As wildfires ravage large swaths of California for a second year, one of the state’s biggest utilities has declared that it faces billions of dollars in potential liability — far more than its insurance would cover.
The potential losses could leave the company’s customers on the hook to pay the bill, exposing businesses and consumers to higher costs. The utility, Pacific Gas and Electric Company, could even face bankruptcy, putting pressure on the state for a bailout.
With its financial liabilities mounting, the company’s shares dropped by more than 20 percent on Wednesday. More than half of its market value has been wiped out since late last week as the fires have spread.
Investigators have yet to determine the cause of the deadliest of the current blazes, known as the Camp Fire, which has killed at least 56 people and destroyed virtually the entire town of Paradise, about 90 miles north of Sacramento. PG&E disclosed in a regulatory filing on Tuesdaythat an outage and damage to a transmission tower were reported in the area shortly before the fire started last week.
Many fires in recent years have been caused by downed power lines serving California’s utilities. State officials have determined that electrical equipment owned by PG&E, including power lines and poles, was responsible for at least 17 of 21 major fires in Northern California last fall. In eight of those cases, they referred the findings to prosecutors over possible violations of state law.
Citigroup estimates that PG&E’s exposure to liability for those fires is $15 billion — and that it could face another $15 billion in claims if it is found responsible for the Camp Fire, a number that could rise because the fire is only a third contained.
“The damages, if you add 2017 and 2018, obviously are going to be really significant,” said Praful Mehta, a Citigroup analyst.
The compounding costs of the year-after-year wildfires are making it increasingly difficult for any party to absorb the expenses, said Mark Cooper, senior research fellow for economic analysis at the Institute for Energy and the Environment at Vermont Law School.
If the utility is forced to increase rates sharply, the costs may take an economic toll. Manufacturing companies could choose to move their businesses out of the service area or even the state. Residential customers within the utility’s territory then could be left to cover the costs.
“This becomes a humongous challenge,” Mr. Cooper said. “If they try and raise the prices, they may not be able to get them. Should they even be allowed to recover all the cost, if they were guilty of imprudent behavior?”
PG&E said its liability insurance for the year that began Aug. 1 amounted to $1.4 billion.
Lynsey Paulo, a spokeswoman for PG&E, said the utility was focused on helping fight the current wildfires rather than the company’s economics. The company has set up a base camp with 800 employees in the area of the Camp Fire, she said, a figure that is expected to grow to 1,000 by the end of the week and could reach 3,000.
“We’re not going to speculate on what may or may not be impacting the stock market,” Ms. Paulo said.
Critics of the utilities say poor maintenance of power poles and failure to trim vegetation around power lines is a major cause of fires. On a walking tour last spring in San Jose, a former state regulator showed overloaded poles bending under the weight of wires and cables, as well as power lines running through tree foliage.
PG&E’s “safety culture” has been the subject of a three-year investigation by the state’s Public Utilities Commission. The agency is expected to act on the inquiry’s findings as early as this month.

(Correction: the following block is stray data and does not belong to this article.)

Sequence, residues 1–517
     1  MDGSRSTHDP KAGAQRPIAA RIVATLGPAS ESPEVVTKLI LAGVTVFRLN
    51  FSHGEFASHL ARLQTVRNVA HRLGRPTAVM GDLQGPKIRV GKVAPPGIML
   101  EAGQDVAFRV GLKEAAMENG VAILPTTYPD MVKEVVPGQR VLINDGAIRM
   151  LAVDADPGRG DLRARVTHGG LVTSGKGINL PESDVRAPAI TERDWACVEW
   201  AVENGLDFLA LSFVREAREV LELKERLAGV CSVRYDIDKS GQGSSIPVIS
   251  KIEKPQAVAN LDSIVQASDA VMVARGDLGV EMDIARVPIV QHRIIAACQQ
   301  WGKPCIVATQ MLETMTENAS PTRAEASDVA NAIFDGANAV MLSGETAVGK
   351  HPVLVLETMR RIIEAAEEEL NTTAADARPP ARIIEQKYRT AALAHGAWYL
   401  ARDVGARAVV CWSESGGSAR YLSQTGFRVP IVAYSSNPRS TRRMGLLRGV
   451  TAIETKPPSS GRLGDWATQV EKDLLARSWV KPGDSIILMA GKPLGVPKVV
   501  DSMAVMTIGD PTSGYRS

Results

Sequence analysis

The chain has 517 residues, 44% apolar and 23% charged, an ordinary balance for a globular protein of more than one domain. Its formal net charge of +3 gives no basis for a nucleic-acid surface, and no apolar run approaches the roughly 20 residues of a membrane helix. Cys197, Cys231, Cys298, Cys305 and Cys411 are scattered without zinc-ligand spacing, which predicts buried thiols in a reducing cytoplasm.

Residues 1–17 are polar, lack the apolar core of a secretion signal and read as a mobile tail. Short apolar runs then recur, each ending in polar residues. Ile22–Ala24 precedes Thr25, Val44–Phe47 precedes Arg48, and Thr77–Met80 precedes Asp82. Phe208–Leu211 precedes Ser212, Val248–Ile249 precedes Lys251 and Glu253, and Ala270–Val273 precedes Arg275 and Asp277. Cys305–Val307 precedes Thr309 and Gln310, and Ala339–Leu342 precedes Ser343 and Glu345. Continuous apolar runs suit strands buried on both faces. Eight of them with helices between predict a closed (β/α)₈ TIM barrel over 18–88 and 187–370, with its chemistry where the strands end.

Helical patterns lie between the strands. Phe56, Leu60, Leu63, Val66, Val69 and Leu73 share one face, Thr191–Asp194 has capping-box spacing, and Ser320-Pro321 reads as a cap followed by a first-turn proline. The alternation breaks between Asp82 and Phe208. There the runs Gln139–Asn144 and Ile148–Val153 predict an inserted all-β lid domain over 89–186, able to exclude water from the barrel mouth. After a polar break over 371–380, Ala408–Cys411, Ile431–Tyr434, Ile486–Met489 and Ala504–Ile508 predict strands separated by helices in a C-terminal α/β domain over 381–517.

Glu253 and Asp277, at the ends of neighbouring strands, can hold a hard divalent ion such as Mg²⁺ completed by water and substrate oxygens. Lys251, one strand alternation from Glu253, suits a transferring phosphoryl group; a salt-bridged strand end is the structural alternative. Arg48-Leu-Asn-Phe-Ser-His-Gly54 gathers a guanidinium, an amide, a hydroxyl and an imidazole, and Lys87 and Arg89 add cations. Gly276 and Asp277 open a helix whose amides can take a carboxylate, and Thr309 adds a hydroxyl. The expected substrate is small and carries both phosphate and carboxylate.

In addition to wildfires, PG&E was found at fault in one of California’s biggest disasters in this decade — a natural-gas explosion in 2010 that devastated the San Francisco suburb of San Bruno and killed eight people. PG&E was fined a record $1.6 billion by the state for failing to maintain its pipeline system properly, and paid $900 million to resolve lawsuits related to the explosion.
“We’ve got failure of systems to hold PG&E accountable for the destruction and devastation that’s been caused,” said Frank Pitre, a lawyer who has represented PG&E customers in the gas explosion and the wildfires, including 35 people who lost property in the Paradise fire. “And it’s been ongoing. How many more lives have to be lost? How many more communities have to be destroyed? It’s got to stop.”
As a pre-emptive measure to prevent wildfires, PG&E last month cut power to tens of thousands of customers as high winds prompted fire alerts in many areas, including parts of Napa and Sonoma Counties that were hit hard by fires a year ago.
Shares of the parent companies of the state’s other investor-owned utilities — Edison International, which operates Southern California Edison, and Sempra Energy, which owns San Diego Gas and Electric — also dropped earlier this week as wildfires spread in both Northern and Southern California.
The state’s power supply is not likely to be at risk, but PG&E could face bankruptcy if it cannot cover the liabilities it faces, wiping out shareholders’ equity and eating into bondholder investments. It has already been through bankruptcy once, in 2001, during an energy crisis after a botched deregulation effort.
Legislators intervened this year to shield PG&E and the state’s other investor-owned utilities from overwhelming legal claims, allowing them to pass the expense on to ratepayers. But the law, Senate Bill 901, applies to fires beginning in 2019, and in some of last year’s incidents — not to this year’s fires.
Paul Payne, a spokesman for Senator Bill Dodd, who sponsored the measure, said the bill was a response to the potential costs PG&E and its customers were already facing. “We were focused on 2017 and protecting the ratepayers from that fire,” he said.